Ask a doctor

What Are the Potential Risks of my Physician Using Dissolvable Packing After my Septoplasty?

Doctor Answers (4)

Dissolvable Packing After Septoplasty

+1

I see no real risk to using most of the commercially available "dissolvable" pacing materials after septoplasty.  These include Gelfoam, Sinufoam, Merogel and a few others.  They are all pretty much gone in a week.  I hesitate to use Surgicel, as this takes a bit longer to go away, and I'm a little concerned about it possibly promoting synechia formation.

Generally, I do not use any packing after septoplasty alone, and I use Gelfoam if I've reduced the inferior turbinates at the same time.


Manchester Facial Plastic Surgeon
5.0 out of 5 stars 10 reviews

What Are the Potential Risks of my Physician Using Dissolvable Packing After my Septoplasty?

+1

Not any risks of using Gelfoam as a dissolving packing after a Septoplasty but I have used small telfa packing, overnight, removing them the first post op day.  This combined with a single mattress 4-0 chromic suture through the septum has proven effective for the past 20 years in my practice.  The benefit of is the airway is open the very next morning after the Septoplasty because the packing is removed.

Francis R. Palmer, III, MD
Beverly Hills Facial Plastic Surgeon
4.5 out of 5 stars 12 reviews

Risk of nasal packing

+1

I assume you are talking about a "packing" like "Gelfoam" or similar.

These tend to dissolve in a reasonable time, but have the advantage of absorbing some of the blood and to "brace " the operated site.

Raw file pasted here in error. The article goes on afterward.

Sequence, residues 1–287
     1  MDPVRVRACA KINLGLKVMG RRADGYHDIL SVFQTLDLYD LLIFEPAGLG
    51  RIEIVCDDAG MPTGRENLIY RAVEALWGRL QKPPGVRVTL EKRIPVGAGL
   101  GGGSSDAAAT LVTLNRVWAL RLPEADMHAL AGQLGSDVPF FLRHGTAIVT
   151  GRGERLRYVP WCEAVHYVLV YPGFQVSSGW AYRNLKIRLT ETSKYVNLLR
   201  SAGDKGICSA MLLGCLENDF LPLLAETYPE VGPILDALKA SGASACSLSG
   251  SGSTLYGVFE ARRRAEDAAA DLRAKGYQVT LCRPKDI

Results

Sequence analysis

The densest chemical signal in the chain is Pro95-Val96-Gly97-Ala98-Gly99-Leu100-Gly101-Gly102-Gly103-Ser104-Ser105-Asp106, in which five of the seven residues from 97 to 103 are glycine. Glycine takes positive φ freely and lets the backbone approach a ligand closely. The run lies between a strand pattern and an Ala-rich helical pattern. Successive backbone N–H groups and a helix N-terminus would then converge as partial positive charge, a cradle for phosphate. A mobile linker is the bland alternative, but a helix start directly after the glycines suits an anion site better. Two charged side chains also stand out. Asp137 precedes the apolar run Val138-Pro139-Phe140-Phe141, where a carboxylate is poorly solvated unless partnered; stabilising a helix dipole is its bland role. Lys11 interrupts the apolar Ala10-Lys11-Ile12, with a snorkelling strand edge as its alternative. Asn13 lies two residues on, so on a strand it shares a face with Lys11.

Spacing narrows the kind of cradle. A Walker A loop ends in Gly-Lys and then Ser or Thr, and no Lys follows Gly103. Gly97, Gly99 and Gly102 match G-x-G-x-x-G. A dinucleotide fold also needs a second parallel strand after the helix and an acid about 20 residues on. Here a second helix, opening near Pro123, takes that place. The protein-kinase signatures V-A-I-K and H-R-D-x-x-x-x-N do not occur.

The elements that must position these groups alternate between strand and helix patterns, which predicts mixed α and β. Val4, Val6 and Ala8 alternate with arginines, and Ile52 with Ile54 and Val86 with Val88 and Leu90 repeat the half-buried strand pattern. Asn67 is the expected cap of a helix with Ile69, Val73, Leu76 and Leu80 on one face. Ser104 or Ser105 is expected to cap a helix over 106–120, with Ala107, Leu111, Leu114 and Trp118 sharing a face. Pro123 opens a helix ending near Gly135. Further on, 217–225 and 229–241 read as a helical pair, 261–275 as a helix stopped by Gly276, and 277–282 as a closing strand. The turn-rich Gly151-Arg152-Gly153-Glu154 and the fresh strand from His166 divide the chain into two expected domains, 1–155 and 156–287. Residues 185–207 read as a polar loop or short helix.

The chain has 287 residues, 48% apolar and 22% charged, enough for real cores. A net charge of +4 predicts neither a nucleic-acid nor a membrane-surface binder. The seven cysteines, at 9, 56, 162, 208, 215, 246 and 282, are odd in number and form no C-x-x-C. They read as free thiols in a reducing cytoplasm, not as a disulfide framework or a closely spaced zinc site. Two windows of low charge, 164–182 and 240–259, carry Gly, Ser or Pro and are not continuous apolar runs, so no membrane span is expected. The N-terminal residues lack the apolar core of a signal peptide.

I am not aware of any risks from this type of dissolving packing material.

Guido P. Gutter MD
Evansville Plastic Surgeon
5.0 out of 5 stars 10 reviews

Risks of Nasal Packing after Septoplasty

+1

The purpose of nasal packing after Septoplasty is to exert pressure on the operated septum and lower the risk of bleeding in between the septal linings. This can be accomplished by placing stiff silastic splints (some of which come with breathing channels - Doyle) or by avoiding splints altogether by stitching the mucosal lining of the septum to the opposite side with a quilting stitch which holds them together without the need for external pressure. All packing must be removed immediately if the patient complains of sudden fever, foul drainage or odor from the packs as toxic shock has been reported with nasal packs.

Peter A. Aldea, MD
Memphis Plastic Surgeon
5.0 out of 5 stars 67 reviews

These answers are for educational purposes and should not be relied upon as a substitute for medical advice you may receive from your physician. If you have a medical emergency, please call 911. These answers do not constitute or initiate a patient/doctor relationship.